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Implementation

This section is intended for deliverability experts only, to provide them with a global view of the implementation process and its main steps.
Do not try, by any means, to perform any of these implementations yourselves. It is strictly reserved to the Adobe Campaign consultants.
This section presents the general guidelines and steps that should be followed while implementing deliverability. We will see how to maintain a healthy subscriber base and improve deliverability through re-engagement strategies. Maintaining a healthy subscriber base is one of the major aspects to ensure good and consistent delivery. Many deliverability issues arise from poor data practices and maintenance. One of the most common issues that marketers face today is inactive subscriber activity (also referred to as low or non-engagement) which can adversely affect delivery of email and low ROI.
For more information on re-engagement campaign strategies and Adobe’s Deliverability services, please contact your Deliverability Consultant, or speak with your Adobe Sales Agent.

How do ISPs view non-engagement activity?

For years, ISPs have used engagement feedback metrics from their users to decide where to place messages, or whether at all they should deliver them. User engagement consists of both positive and negative feedback and ISPs monitor both on a constant basis. Having no engagement is perhaps one of the main contributors of negative engagement. From a deliverability perspective, consistently sending campaigns to users who show no engagement can also lower the overall reputation of your IP address and domains.
ISPs such as AOL, Gmail, Microsoft and Yahoo! view non-engagement as unwanted email and start redirecting messages to the spam folder. Additionally, these subscribers may no longer own the email account and this can be used as a "recycled" spam trap. This means the address was invalid for some time and all messages are rejected. If your subscriber management system is not removing "hard bounced" addresses, it's very likely are mailing spam traps that lead to significant delivery issues.

How should you approach inactivity?

Fortunately, customers who use the Adobe Campaign platform can view inactivity within their instance by reviewing the open and click data according to the segment. Since non-engagement can hinder delivery, the first thought can be to just remove subscribers from the database. However, this may prove to be a wrong option in some cases. Therefore, a re-engagement (also known as a win back) strategy is the best recommendation to retain the subscribers that are interested in receiving mail, and gradually phase out those who no longer show activity.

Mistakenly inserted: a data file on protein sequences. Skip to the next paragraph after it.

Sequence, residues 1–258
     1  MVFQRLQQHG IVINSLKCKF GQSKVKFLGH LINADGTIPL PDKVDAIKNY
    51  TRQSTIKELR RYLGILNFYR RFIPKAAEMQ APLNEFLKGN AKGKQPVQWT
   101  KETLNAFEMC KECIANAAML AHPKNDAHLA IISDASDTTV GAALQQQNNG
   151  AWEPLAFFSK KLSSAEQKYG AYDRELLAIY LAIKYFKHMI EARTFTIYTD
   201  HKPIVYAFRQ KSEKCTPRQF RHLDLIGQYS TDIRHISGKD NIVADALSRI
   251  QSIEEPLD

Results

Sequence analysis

Do re-engagement campaigns really work?

According to a Return Path study, re-engagement campaigns came out with a result of 12% open rate compared to an average 14% for normal campaigns. Although only 24% of subscribers had read the re-engagement campaign, around 45% of them read the subsequent messages.

How do you create a re-engagement campaign?

Phase 1

  • The first step is to identify subscribers who have very little to no open or click activity, and accordingly segment this group based on a set time frame. The thumb rule is to review subscribers who have not opened or clicked an email within the last 90 days. However, this varies according to the nature of the business (for example, seasonal sending).
  • Another point to keep in mind while defining timeframes is that ISPs and blacklist companies consider engagement to be anywhere between 1.5 and 1.8 years. Additionally, behavioral activities such as purchases and website activity, or other touch points, such as preferences during the sign-up phase or first point of contact.

Phase 2

  • Once a segment is defined, the next step is to create a re-engagement campaign that caters to the subscriber according to the metrics that have been identified. Creating a subject line will help increase the interest of the subscriber. According to a Return Path study, subject lines and content that state "We miss you" generate higher response rates than "We want you back".
  • An incentive can also be offered for re-engaging with the email. When considering offers with discounts, it is best to use dollar amounts versus percentages. Return Path also suggests doing this as it will incur higher response rates. Finally, performing A/B split tests to review response and success rates is also am useful option.

Phase 3

The next step is to determine the frequency of the re-engagement campaign. Unlike reconfirmation messages, re-engagement campaigns are meant to win the subscriber back with a series of emails over time. The following example provides an example of the frequency.
Subscribers that engage with the campaign by following the open or click activity are added back to the engaged list of subscribers.

Phase 4

  • The next phase is to identify subscribers who continually show no activity and gradually reduce sending emails to them over a period of time. If there is no activity within the past year, it is good to put the subscribers email subscription on hold. Although they have showed no interest in the email content, there is always a last chance to have them re-activate their subscription by sending a one-time re-confirmation campaign.
  • Re-confirmation campaigns are a good way to ask subscribers who are inactive for a long time if they want to remain on the subscription list. When creating the campaign, it is preferable to add a "click here" link so they can confirm the action and verify their address. This way, the action can be recorded in the database. Below is an example of a reconfirmation email:
    Once the subscriber has taken an action, a landing page with the confirmation of their re-subscription can be offered. Below is an example of the landing page: